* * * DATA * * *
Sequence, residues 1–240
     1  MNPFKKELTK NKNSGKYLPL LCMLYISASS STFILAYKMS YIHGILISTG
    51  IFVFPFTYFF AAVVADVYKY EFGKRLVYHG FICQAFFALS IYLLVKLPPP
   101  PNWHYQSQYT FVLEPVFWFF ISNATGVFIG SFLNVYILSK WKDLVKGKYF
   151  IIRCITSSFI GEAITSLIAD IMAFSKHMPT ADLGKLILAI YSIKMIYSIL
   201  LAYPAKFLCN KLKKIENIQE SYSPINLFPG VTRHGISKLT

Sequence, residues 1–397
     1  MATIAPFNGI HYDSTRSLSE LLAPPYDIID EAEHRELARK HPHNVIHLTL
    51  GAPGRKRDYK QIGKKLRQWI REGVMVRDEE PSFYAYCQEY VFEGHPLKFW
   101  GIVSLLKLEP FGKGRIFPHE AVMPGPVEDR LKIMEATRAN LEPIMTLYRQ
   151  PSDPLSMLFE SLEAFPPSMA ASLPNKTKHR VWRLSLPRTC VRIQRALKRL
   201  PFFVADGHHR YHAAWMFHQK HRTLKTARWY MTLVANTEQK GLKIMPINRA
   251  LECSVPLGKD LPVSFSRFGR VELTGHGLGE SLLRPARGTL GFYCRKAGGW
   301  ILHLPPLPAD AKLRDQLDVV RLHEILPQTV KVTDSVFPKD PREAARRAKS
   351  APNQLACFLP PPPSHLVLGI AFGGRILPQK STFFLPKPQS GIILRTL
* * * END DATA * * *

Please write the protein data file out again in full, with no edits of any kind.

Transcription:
Sequence, residues 1–240
     1  MNPFKKELTK NKNSGKYLPL LCMLYISASS STFILAYKMS YIHGILISTG
    51  IFVFPFTYFF AAVVADVYKY EFGKRLVYHG FICQAFFALS IYLLVKLPPP
   101  PNWHYQSQYT FVLEPVFWFF ISNATGVFIG SFLNVYILSK WKDLVKGKYF
   151  IIRCITSSFI GEAITSLIAD IMAFSKHMPT ADLGKLILAI YSIKMIYSIL
   201  LAYPAKFLCN KLKKIENIQE SYSPINLFPG VTRHGISKLT

Sequence, residues 1–397
     1  MATIAPFNGI HYDSTRSLSE LLAPPYDIID EAEHRELARK HPHNVIHLTL
    51  GAPGRKRDYK QIGKKLRQWI REGVMVRDEE PSFYAYCQEY VFEGHPLKFW
   101  GIVSLLKLEP FGKGRIFPHE AVMPGPVEDR LKIMEATRAN LEPIMTLYRQ
   151  PSDPLSMLFE SLEAFPPSMA ASLPNKTKHR VWRLSLPRTC VRIQRALKRL
   201  PFFVADGHHR YHAAWMFHQK HRTLKTARWY MTLVANTEQK GLKIMPINRA
   251  LECSVPLGKD LPVSFSRFGR VELTGHGLGE SLLRPARGTL GFYCRKAGGW
   301  ILHLPPLPAD AKLRDQLDVV RLHEILPQTV KVTDSVFPKD PREAARRAKS
   351  APNQLACFLP PPPSHLVLGI AFGGRILPQK STFFLPKPQS GIILRTL